Defence can only achieve an intellectual edge if its members are consistently engaged and curious. Ongoing professional development is crucial in growing a workforce that has the ability to shape, deter and respond.  Although the importance of continuous learning has been identified in The Australian Joint Professional Military Education (JPME) Continuum 2.0, the 2020 Air Force Strategy (AFSTRAT) and the 7th edition Air Power Manual, the wider workforce has not yet formally adopted this model. Due to minimal tracking of professional development outside of formal courses, Defence is underutilising and under supporting a significant and diverse set of skills and knowledge. To enable independent and ongoing professional development, a positive learning culture should be encouraged and maintained.

The learning culture in Defence does not actively encourage ongoing professional development. When someone says professional development, what comes to mind? If you’re like me, the first thought is ‘courses’. Even as a self-proclaimed lover of learning, when it comes to professional development in an ADF context, I tend to regard it as a chore. Compulsory professional development programs such as Program Wirraway are an important part of the training continuum. However, many of us have or will do our few weeks of courses for the year then data dump it once we’ve finished. Our learning begins when we receive the joining instructions and ends on the last day of course. Even for programs that I have voluntarily signed up for, I often contain my learning within the duration of the course. This is not a critique of the programs themselves—I actually find many courses to be extremely useful and interesting. However, I have noticed that my attitude towards professional development has caused me to limit my own learning and curiosity. I don’t think I am alone in this attitude. Line of Effort 4 in AFSTRAT stresses the importance of achieving a “culture that values education, relationship-management, and strategic acumen”. In reality the learning culture in Defence as a whole has not fully embraced the concept of ongoing professional development.

The road to ongoing learning

To enable the workforce to adopt ongoing professional development, Defence needs to recognise and support independent learning. Directed learning is often provided more prominence and recognition than self-directed professional development. It is not fully appreciated that professional development can occur in regular activities such as following current events or mentoring. As a result, articles are read, podcasts are listened to and people are mentored but the experience is not often questioned, expanded upon or shared on a larger scale. Some opportunities such as the AF063 Royal Australian Air Force Career Development Plan provide the option to self-report abilities, experiences and capability enhancing skillsets. Instances such as these do enable the organisation to appreciate professional development, however they do not necessarily result in active reflection and learning. This form of reporting can often occur months after the activity and members can be inclined to pass over more commonplace professional development undertakings. The potential of seemingly ordinary activities is currently untapped, resulting in an enormous loss of capability. The Air and Space Power Centre’s “Consume-Contest-Contribute-Collaborate” model allows individuals to follow through with the potential of their learning. If the model was utilised for independent professional development, it can empower us to extend ourselves and push our learning to the next level. We need a platform that encourages the application of the information we already have, in order to contextualise it in the constantly evolving strategic environment.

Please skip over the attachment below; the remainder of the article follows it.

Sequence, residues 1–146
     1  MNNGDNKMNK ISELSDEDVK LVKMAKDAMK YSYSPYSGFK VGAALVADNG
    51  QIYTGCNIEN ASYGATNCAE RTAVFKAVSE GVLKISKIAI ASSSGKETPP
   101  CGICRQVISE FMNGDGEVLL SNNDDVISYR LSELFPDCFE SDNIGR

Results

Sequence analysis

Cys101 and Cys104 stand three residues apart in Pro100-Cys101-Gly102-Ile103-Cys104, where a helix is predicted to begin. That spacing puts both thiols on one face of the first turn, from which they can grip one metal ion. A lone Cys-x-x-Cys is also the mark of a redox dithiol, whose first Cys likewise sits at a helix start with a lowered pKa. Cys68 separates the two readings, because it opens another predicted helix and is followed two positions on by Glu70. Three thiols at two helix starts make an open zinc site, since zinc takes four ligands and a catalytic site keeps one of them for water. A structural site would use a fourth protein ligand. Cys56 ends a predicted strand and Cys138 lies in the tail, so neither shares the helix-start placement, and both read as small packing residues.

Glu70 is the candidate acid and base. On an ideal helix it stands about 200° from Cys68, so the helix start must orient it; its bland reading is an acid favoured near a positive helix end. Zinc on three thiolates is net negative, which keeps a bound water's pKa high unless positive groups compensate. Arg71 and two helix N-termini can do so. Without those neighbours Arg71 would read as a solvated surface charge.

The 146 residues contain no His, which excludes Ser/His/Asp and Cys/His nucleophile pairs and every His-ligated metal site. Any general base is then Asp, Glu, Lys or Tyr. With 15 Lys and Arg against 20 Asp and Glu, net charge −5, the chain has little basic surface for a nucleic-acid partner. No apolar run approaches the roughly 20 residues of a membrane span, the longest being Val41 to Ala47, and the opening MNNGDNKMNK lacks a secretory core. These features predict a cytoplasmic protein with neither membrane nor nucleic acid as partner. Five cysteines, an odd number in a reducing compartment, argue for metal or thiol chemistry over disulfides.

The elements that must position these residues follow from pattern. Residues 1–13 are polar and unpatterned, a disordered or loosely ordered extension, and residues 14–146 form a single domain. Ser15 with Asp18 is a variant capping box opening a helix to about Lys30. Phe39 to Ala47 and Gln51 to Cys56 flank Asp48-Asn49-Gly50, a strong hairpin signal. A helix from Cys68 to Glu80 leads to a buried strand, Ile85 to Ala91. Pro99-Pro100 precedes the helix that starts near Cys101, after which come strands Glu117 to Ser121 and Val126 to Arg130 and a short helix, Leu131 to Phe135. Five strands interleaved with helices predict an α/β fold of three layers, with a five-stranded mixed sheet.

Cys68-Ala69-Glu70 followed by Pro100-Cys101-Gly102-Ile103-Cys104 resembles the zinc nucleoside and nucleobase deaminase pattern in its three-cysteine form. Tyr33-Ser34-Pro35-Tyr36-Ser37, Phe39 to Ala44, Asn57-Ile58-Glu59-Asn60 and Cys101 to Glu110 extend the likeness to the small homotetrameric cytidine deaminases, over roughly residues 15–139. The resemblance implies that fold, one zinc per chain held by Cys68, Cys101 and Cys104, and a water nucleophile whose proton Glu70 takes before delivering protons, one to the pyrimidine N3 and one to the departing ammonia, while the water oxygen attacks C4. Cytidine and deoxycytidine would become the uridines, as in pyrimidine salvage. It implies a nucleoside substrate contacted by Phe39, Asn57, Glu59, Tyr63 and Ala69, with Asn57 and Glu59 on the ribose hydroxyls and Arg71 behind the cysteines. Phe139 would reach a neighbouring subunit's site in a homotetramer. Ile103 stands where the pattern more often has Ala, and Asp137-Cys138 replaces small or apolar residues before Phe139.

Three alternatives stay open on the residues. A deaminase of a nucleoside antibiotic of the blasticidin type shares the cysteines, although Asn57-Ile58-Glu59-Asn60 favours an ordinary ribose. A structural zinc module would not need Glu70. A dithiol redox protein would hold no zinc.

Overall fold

Question card from Air and Space Power in a Box, Question of "How should Defence develop people for the future force"
Question Card from Air and Space Power In A Box